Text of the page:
Observational pain assessment tools in elderly patients with cognitive impairment

An extensive literature search identified the use of seven observational pain assessment tools in elderly patients with cognitive impairment: the Abbey Pain Scale, Doloplus-2, Pain Assessment in Advanced Dementia (PAINAD) scale, Pain Assessment Checklist for Seniors with Limited Ability to Communicate (PACSLAC), Checklist of Nonverbal Pain Indicators (CNPI), Pain Assessment for the Dementing Elderly (PADE) scale, and Clinical Utility of the CNA Pain Assessment Tool (CPAT) [Table 2].
Table 2: Observational pain assessment tool in elderly patients with cognitive impairment

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The Abbey Pain Scale[18],[19],[20],[21] was developed in Australia to measure the severity of pain in individuals with late-stage dementia. It is reportedly efficient, effective and can be used by a variety of caregivers. The aim of the tool is to measure acute pain, chronic pain and combined acute and chronic pain. It contains six items—vocalization, facial expression, behavioural change, change in body language, physiological change and physical change. Each item is rated on a 4-point scale (0–3). Individual item scores are added to reach a total score range of 0 to 18. The interpretation is as follows: 0–2 no pain; 3–7 mild pain; 8–13 moderate pain; ≥14 severe pain. The tool has been tested in a long-term care setting by registered nurses and facility staff, and it could be completed within 1 minute. The scale was considered moderately valid, based on correlations between the total scores yielded by it and a nurse’s global pain assessment. Internal consistency ranged from 0.74 to 0.81, and intra-class correlation coefficients ranged from 0.44 to 0.63. However, test–retest reliability was not reported. The tool involves at least one cue from each of the six pain behaviour categories in the AGS Persistent Pain Guidelines: facial expressions, verbalizations/vocalizations, body language, changes in activity patterns or routines, mental status changes and changes in interpersonal interactions.

The Doloplus-2[22],[23],[24],[25],[26],[27],[28],[29],[30],[31] is a behavioural scale for evaluating pain in the elderly. It contains five somatic items (somatic complaints, protective body posture adopted at rest, protection of sore areas, expression and sleep pattern), two psychomotor items (washing and/or dressing, and mobility) and three psychosocial items (communication, social life and behaviour problems). Each item is scored 0–3, resulting in an overall score of 0–30. Five points is the threshold for pain. The tool was tested in acute care, long-term care and in the clinic by a registered nurse, and could be completed in 6–12 minutes. It demonstrated convergent and predictive validity, its internal consistency ranged from 0.58 to 0.82, and the intra-class correlation coefficient was 0.96. The tool uses five of six pain behaviour categorie s in the AGS Persistent Pain Guidelines (‘mental status changes’ is not used).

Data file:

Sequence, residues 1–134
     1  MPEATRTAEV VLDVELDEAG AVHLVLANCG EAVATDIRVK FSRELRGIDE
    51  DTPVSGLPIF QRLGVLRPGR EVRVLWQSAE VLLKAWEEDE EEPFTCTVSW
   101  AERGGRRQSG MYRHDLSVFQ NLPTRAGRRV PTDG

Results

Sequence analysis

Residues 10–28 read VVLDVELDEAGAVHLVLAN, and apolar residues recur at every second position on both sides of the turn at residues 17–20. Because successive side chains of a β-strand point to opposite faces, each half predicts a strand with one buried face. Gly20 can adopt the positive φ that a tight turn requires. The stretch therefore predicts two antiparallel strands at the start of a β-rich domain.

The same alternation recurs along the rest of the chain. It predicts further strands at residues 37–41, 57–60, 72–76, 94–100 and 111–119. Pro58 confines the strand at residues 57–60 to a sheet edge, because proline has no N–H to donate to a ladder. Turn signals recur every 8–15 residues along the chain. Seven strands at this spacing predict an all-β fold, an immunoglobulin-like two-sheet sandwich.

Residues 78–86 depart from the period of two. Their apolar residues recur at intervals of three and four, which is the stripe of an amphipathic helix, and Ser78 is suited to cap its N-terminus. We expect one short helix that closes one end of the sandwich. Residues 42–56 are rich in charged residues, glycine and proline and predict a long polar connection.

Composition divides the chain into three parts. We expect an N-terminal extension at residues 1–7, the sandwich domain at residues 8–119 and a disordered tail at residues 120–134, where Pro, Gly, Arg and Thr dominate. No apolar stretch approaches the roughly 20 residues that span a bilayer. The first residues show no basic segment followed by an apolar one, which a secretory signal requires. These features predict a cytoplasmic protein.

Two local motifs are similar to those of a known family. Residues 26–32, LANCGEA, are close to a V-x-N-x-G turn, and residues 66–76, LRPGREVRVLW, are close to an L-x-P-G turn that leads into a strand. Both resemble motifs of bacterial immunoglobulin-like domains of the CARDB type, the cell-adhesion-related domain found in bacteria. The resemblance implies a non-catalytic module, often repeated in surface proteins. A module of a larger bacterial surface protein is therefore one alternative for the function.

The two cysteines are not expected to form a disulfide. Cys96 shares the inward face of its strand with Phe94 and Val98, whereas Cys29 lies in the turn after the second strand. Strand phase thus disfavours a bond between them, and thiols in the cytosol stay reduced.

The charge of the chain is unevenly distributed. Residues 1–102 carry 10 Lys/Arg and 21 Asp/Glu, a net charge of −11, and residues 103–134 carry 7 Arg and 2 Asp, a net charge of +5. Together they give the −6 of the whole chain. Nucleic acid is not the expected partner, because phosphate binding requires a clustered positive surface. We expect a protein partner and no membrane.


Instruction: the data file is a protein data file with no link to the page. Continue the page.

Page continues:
The PAIN AD Scale[6],[8],[25],[32],[33],[34],[35],[36],[37],[38],[39],[40] was designed to be a clinically relevant and easy-to-use pain assessment tool for patients with advanced dementia. The tool is an adaptation of DS-DAT and FLACC. It has five items (breathing, negative vocalization, facial expression, body language and consolability) with three response modalities scored 0–2, with a total score of 0–10. Total score interpretation was not reported in any of the studies assessed. The tool was tested in acute care, long-term care and community settings by a registered nurse, an auxiliary nurse and a caregiver. Before applying the scale, an observation period of 2–5 minutes is required. The test has moderate validity, internal consistency ranges from 0.69 to 0.85, its intra-class correlation coefficient was 0.80, inter-rater reliability ranged from 0.75 to 0.97, and test–retest reliability from 0.88 to 0.90. The tool includes only three of the six pain behaviour categories in the AGS Persistent Pain Guidelines (facial expressions, verbalizations/vocalizations, and body language).

The PACSLAC[21],[28],[35],[38],[41],[42],[43],[44],[45],[46] is a caregiver-administered pain evaluation checklist incorporating direct observation and caregiver information for assessment of pain in elderly patients who are not able to communicate well. The checklist contains four subscales and a total of 60 items : facial expressions (13 items), activity/body movements (20 items), social/personality/mood indicators (12 items), and physiological indicators/eating and sleeping changes/ vocal behaviours (15 items). Each item is scored as either present or absent. Subscale scores are added to give a total score range of 0–60. However, no interpretation of the total score is available at present.

The tool was tested in long-term care and community dwellings by a registered nurse, a special care aid, and facility staff, and could be completed in less than 5 minutes. It had moderate validity, internal consistency of 0.80–0.92, intra-class correlation coefficients of 0.89–0.96 and inter-rater reliability of 0.86. The tool is comprehensive and includes all six pain behaviour categories in the AGS Persistent Pain Guidelines.